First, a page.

Two days later, very late in the day, Captain Haines and two of the men who had been my guards during my stay at the palace came in with chains and a hood. I was taken to an electric car. I wondered what excuse they’d used for spiriting me away. Judging from all the chains, maybe I was going to my execution.
Once we were in the car the chains and hood were taken away. The windows were so darkly tinted; it looked like night outside. I had to ask, “Where are you taking me?”
“For your safety, we are taking you to a hiding place,” said Haines.
“But we walked right past the guards.”
“By the time whoever tried to poison you figures out that you’re not where you’re supposed to be, you’ll be securely hidden away.”
“There’s a paper trail to follow? If you’d said something it could have been done much cleaner.”
Haines turned around in his seat to look at me. “How so?”
“The easiest thing I could have done was make another opening through the back wall and walk out that way, but I could also cause a guard to be distracted or fall asleep, or I could dress in the appropriate uniform and change the color of my hair or whatever. I could have walked out of that cell in broad daylight and they wouldn’t notice anything as long as I didn’t have to discuss current affairs with the guard.
“Are you telling me that you could have walked past us any time you wanted to?” protested one of the guards. “Why were we guarding your door all that time? You didn’t do your magic thing on us, did you?”
“No,” I laughed. “I was a good boy. You all wanted me to stay in my room, so I stayed in my room.”
They took me to a walled compound at another location in the city where we were greeted by two more men I recognized. “This place was the home of the Imperial Mother until she died,” said Haines. “It’s been empty for four years now and no one but the emperor and us knows that you are here. You will remain here and do your schoolwork. I’m not sure what the emperor has in mind for you, but for now, this is where you will live. There is little if anything here, so I will arrange for supplies to be sent . . . .”
“Don’t bother with supplies. If you start sending supplies here, someone will find out; and with me spirited away from detention, someone will put it all together.”
Haines looked at me for a moment, but his question was asked by one of the other men. “You’re going to feed us without any supplies; how are you going to do that?”
I handed the man an apple. “Like that.”
He accepted the apple hesitantly and said no more. Haines only nodded and turned to leave. “I’ll be back from time to time.” I saw him to the door and before he left completely he turned to me and said, “I’ll bring you a phone next time I come. It’ll be connected through the palace so no one will be able to trace it here. I know you’ll want to keep in touch with your parents.”
I remained there for eighteen months. I did my schoolwork almost non-stop accomplishing three days of work in one day most of the time. What else did I have to do? I ran the perimeter of the compound wall to my heart’s content and lifted improvised weights every day too. In the winter, I kept the place warm, but with fireplaces in every room, my guards wanted to use firewood, so I made it and lit it wherever they wanted.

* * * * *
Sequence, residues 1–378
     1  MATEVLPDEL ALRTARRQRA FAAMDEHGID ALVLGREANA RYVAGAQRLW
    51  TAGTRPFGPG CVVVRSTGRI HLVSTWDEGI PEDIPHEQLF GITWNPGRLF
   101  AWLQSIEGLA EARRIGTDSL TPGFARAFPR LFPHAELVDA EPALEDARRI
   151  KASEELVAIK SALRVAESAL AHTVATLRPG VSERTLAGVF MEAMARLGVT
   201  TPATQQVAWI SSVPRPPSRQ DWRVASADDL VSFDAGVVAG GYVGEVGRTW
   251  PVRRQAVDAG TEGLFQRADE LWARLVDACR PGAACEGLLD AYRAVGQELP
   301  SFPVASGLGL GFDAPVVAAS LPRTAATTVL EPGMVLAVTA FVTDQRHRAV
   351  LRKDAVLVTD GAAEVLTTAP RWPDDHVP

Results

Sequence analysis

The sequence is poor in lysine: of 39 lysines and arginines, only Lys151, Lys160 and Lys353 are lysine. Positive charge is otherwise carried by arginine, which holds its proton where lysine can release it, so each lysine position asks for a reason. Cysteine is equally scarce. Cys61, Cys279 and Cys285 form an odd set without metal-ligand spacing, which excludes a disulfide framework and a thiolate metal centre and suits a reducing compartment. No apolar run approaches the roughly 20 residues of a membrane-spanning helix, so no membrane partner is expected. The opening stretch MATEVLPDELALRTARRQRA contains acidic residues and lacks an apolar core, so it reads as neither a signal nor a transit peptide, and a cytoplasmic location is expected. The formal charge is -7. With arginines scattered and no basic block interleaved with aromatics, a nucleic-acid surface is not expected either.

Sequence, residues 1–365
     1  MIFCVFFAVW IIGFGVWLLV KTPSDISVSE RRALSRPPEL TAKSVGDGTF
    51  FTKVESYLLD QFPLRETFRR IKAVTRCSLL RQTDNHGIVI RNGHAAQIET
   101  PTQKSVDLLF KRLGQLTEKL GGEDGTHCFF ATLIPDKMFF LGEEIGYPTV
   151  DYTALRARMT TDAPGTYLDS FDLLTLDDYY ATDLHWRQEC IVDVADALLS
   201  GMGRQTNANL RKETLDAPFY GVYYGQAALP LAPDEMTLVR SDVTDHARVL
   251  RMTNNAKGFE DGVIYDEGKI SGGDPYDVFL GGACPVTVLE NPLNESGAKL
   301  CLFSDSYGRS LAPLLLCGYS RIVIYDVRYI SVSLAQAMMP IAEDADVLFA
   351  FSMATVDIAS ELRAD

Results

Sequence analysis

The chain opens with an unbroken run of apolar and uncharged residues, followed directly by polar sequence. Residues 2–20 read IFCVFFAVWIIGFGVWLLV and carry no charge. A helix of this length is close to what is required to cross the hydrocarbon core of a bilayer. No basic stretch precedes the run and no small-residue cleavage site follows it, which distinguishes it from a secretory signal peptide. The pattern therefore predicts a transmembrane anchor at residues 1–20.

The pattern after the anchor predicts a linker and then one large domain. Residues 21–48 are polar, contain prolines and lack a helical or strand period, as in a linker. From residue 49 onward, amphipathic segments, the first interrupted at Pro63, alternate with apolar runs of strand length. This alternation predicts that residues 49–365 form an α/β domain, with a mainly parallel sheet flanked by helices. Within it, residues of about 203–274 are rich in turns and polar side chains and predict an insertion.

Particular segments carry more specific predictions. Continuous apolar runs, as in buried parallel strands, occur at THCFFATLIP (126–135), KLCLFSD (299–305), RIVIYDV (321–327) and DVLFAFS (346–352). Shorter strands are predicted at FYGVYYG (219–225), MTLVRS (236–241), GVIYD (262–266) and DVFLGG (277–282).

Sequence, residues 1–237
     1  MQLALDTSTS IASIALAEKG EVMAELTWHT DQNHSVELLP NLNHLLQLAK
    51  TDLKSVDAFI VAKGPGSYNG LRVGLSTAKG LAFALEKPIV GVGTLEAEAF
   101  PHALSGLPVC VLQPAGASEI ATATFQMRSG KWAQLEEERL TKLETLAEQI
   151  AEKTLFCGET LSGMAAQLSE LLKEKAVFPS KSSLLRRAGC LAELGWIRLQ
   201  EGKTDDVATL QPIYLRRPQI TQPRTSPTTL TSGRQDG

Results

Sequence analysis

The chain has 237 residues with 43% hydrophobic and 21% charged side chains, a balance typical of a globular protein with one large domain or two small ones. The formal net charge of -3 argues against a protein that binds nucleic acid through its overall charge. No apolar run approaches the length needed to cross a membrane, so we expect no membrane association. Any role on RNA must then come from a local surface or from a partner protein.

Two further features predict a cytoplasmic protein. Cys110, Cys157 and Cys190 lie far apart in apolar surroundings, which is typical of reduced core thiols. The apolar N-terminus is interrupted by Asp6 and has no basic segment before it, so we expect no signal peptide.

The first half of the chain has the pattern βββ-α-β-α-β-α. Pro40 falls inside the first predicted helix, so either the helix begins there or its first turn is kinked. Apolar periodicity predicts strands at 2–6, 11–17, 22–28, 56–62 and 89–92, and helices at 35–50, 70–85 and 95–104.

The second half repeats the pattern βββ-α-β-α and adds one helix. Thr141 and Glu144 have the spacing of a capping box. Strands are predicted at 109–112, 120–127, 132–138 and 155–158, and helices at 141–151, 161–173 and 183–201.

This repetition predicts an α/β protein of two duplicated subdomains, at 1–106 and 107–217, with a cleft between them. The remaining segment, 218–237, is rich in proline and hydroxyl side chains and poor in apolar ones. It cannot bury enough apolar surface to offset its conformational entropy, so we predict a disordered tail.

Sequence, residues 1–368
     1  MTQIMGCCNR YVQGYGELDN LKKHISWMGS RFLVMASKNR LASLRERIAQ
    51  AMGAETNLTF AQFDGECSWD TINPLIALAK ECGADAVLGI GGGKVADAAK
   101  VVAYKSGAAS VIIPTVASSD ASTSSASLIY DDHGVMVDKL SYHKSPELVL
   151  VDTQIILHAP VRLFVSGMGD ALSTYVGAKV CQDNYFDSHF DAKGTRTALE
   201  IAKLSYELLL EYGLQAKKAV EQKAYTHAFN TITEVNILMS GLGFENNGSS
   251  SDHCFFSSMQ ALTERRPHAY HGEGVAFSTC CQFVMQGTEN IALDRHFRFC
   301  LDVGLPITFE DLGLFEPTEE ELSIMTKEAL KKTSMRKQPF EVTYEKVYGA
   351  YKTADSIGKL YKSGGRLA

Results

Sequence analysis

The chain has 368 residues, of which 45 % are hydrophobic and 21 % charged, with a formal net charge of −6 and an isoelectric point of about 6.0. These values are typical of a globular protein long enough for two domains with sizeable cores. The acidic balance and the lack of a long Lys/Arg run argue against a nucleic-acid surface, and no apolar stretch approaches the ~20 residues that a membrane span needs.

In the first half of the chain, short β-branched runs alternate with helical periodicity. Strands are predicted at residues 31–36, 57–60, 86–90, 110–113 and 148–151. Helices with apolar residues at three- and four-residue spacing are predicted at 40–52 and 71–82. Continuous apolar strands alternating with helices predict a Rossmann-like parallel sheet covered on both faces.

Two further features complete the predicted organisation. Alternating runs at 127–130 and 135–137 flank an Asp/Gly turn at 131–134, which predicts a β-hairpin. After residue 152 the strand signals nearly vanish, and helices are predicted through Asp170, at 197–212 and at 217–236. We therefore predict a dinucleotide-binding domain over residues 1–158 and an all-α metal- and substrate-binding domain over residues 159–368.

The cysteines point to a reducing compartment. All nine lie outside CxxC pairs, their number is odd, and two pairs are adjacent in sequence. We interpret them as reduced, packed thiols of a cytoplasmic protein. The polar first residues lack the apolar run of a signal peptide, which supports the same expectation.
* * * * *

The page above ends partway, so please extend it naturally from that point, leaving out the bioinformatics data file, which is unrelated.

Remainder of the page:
Meals started out with a meeting where it was decided what I would make for that meal. If we could figure out how it was made, that’s what we had. It took a while for them to get used to me making their meals, but they soon grew to like it.
I did a few other things too, but it was mostly small things like cleaning their clothes or replacing a button. I took to wearing my leathers again almost immediately.
Brian saw the tattoo on my arm and he decided he wanted one too. I gave him one of an eagle on his shoulder. When conversation turned to other tattoos, it was discovered that Leonard had an old girlfriend’s name tattooed in a rather sensitive place. He wanted it removed, but was too embarrassed to have it done. There was a good deal of teasing and laughter, but later that night, I went to his room and removed it for him. I don’t think he’ll ever get another tattoo there. Not if his life depended on it.
Haines came by about once a week and for my nineteenth birthday he brought my birthday presents. Mom and dad sent me a photograph of all of my friends back home; it made me homesick. Haines had it framed. Colin sent me a card with a letter telling me about all the new things in his life; he sounded so happy. The emperor sent me a nasty little weapon. Haines showed me how to wear it. It had rings that fit on all four of my fingers with two rings per finger. These were connected to each other by fine flex-steel bands across the back of my knuckles and were connected to a wristband that covered half of my arm to the elbow. He had it made to resemble the dragon on my other hand though he got the tail all wrong (it was cool though). On the palm sides of all the rings, were tiny sharp needles that looked something like cat’s claws. Haines said that it was made to deliver poisons but that wasn’t necessary; a slap would lay open someone’s face rather thoroughly. Why would the emperor send me something like this? I liked the way it looked though, so I made the ‘claws’ go away and wore it most of the time.